NEW YORK -- Flipping through the pages of Relix magazine, a rock 'n' roll newcomer could be forgiven for thinking the Grateful Dead was a star consumer products division of a large company called Classic Rock.In fact, the San Francisco-based rock group sells products on every other page of the rock magazine. Through licensed businesses or the group's own merchandising division, fans can order through the mail downhill skis, men's ties, dolls, backpacks, an array of books and videos, comic books and equipment for perhaps the least likely of Deadhead sports: golf.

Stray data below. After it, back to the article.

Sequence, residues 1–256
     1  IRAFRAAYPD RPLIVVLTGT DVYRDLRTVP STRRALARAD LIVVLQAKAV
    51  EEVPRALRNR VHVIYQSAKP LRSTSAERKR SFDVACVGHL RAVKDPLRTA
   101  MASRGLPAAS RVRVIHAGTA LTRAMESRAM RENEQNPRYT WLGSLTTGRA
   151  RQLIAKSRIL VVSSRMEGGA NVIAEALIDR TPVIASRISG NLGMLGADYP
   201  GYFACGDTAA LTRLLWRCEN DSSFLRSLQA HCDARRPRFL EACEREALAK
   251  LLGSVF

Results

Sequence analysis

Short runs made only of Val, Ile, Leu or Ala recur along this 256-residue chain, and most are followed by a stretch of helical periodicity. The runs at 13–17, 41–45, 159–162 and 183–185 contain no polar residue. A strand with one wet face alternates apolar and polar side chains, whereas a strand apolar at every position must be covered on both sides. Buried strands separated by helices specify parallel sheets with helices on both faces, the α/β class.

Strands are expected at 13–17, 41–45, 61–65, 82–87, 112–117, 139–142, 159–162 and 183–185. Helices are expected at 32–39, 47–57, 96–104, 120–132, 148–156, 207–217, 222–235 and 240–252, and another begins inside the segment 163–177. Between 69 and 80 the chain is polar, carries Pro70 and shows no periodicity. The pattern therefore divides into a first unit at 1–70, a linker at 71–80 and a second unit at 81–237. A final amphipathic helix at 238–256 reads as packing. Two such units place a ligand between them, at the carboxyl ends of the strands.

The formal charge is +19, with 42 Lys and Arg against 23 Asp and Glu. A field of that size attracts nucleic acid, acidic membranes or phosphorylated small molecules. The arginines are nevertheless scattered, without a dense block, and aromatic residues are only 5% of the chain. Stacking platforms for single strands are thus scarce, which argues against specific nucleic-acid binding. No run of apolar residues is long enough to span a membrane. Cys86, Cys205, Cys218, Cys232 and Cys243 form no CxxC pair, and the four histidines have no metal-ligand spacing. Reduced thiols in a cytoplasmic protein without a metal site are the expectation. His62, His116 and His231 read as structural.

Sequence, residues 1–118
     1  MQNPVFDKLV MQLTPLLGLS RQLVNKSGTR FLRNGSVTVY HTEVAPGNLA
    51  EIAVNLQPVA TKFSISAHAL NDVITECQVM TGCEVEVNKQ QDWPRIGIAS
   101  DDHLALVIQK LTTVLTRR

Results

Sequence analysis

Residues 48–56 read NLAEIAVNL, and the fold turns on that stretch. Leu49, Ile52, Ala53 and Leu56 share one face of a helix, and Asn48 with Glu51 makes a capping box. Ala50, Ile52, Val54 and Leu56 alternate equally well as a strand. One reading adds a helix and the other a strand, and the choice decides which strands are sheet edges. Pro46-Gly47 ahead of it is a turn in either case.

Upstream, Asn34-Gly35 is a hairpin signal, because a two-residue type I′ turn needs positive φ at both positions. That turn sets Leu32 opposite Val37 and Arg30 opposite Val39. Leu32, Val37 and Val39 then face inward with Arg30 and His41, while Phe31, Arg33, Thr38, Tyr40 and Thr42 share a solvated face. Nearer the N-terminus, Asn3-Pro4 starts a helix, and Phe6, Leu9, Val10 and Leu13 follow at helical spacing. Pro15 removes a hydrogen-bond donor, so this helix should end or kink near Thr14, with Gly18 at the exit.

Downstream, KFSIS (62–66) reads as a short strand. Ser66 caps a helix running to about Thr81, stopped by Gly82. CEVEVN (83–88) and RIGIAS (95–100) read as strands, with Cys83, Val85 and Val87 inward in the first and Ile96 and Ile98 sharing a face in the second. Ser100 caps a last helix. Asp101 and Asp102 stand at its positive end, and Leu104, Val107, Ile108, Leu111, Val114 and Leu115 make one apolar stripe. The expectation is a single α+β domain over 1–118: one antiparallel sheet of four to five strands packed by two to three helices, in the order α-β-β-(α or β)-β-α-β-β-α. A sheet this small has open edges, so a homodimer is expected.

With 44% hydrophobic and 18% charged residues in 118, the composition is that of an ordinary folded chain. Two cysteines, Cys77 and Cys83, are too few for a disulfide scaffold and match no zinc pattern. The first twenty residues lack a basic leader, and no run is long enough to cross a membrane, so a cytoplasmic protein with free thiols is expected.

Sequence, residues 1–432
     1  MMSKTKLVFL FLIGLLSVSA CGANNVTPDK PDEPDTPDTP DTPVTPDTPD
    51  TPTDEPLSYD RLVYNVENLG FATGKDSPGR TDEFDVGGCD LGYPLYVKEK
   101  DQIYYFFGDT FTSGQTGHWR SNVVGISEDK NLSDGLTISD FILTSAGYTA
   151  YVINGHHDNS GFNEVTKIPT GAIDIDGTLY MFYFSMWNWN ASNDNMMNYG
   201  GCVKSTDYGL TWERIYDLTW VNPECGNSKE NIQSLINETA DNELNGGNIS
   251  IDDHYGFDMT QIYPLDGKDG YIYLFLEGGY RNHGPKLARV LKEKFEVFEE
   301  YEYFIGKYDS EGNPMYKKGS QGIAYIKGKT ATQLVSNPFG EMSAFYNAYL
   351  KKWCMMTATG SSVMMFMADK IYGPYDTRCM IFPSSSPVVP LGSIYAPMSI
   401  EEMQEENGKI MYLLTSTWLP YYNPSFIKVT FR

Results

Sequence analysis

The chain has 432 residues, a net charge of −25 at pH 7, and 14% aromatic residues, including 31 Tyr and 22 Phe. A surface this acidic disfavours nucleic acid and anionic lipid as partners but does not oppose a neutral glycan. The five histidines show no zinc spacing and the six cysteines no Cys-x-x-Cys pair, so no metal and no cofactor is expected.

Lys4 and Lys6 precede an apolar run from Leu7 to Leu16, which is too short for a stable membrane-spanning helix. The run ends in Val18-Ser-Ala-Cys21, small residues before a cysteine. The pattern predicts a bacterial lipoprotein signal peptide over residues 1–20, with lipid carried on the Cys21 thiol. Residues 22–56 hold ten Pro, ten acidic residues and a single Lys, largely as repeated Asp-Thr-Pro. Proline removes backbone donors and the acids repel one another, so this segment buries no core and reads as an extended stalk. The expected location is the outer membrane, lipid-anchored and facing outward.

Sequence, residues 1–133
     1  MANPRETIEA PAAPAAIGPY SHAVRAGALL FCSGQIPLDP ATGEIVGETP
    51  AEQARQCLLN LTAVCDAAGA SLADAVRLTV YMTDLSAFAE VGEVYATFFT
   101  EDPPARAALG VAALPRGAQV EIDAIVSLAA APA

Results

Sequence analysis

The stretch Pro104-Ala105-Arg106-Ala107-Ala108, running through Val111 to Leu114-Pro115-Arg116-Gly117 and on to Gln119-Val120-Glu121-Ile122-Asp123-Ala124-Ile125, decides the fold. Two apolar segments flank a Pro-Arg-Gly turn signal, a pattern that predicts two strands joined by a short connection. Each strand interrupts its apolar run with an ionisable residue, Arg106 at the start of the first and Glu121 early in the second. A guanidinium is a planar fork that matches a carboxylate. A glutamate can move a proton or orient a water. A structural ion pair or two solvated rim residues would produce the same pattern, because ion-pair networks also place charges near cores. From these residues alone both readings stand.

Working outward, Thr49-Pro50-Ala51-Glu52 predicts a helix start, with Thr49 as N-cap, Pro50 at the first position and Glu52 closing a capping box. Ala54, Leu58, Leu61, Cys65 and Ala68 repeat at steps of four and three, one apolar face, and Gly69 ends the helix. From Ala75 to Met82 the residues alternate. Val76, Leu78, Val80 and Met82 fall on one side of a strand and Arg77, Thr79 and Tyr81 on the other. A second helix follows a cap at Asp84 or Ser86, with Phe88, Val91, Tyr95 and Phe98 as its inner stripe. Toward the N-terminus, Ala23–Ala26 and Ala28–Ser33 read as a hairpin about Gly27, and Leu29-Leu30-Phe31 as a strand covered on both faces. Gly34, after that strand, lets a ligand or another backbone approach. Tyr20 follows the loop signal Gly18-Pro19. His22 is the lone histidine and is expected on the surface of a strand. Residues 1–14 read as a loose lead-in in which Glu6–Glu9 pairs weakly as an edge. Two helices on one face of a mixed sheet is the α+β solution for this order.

NEWS
August 20, 1996
WHAT DO YOU do when you are approaching 30, 40 -- or even 50 -- and life proves too complicated or boring?Some Americans seek religion, switch jobs, change personal relationships, buy a new car or make a long-distance move. Yet others escape to alcohol or drugs. Or join a militia or Civil War re-enactment group.America has always been a restless country. It is so big people easily find an outlet for their restlessness.Things are more difficult in Europe, a continent of generally small countries, confined spaces and homogeneous cultures.
NEWS
By Gregory Kane and Gregory Kane,sun staff | October 27, 1996